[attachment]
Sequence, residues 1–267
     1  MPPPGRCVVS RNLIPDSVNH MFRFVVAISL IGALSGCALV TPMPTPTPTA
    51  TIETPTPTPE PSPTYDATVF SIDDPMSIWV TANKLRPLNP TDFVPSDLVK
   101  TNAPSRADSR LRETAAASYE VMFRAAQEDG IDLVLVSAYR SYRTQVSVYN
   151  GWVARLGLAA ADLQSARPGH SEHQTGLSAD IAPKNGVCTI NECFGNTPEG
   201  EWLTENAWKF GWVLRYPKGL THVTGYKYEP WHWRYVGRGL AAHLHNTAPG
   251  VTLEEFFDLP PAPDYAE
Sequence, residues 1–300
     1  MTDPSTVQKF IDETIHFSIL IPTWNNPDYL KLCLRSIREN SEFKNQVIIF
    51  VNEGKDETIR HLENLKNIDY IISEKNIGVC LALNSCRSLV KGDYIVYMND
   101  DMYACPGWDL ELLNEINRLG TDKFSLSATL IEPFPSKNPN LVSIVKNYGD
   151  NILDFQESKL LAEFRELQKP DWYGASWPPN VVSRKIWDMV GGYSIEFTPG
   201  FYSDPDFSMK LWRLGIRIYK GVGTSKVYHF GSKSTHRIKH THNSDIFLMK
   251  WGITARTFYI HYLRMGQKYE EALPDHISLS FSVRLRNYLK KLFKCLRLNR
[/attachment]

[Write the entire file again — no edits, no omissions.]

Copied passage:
Sequence, residues 1–267
     1  MPPPGRCVVS RNLIPDSVNH MFRFVVAISL IGALSGCALV TPMPTPTPTA
    51  TIETPTPTPE PSPTYDATVF SIDDPMSIWV TANKLRPLNP TDFVPSDLVK
   101  TNAPSRADSR LRETAAASYE VMFRAAQEDG IDLVLVSAYR SYRTQVSVYN
   151  GWVARLGLAA ADLQSARPGH SEHQTGLSAD IAPKNGVCTI NECFGNTPEG
   201  EWLTENAWKF GWVLRYPKGL THVTGYKYEP WHWRYVGRGL AAHLHNTAPG
   251  VTLEEFFDLP PAPDYAE
Sequence, residues 1–300
     1  MTDPSTVQKF IDETIHFSIL IPTWNNPDYL KLCLRSIREN SEFKNQVIIF
    51  VNEGKDETIR HLENLKNIDY IISEKNIGVC LALNSCRSLV KGDYIVYMND
   101  DMYACPGWDL ELLNEINRLG TDKFSLSATL IEPFPSKNPN LVSIVKNYGD
   151  NILDFQESKL LAEFRELQKP DWYGASWPPN VVSRKIWDMV GGYSIEFTPG
   201  FYSDPDFSMK LWRLGIRIYK GVGTSKVYHF GSKSTHRIKH THNSDIFLMK
   251  WGITARTFYI HYLRMGQKYE EALPDHISLS FSVRLRNYLK KLFKCLRLNR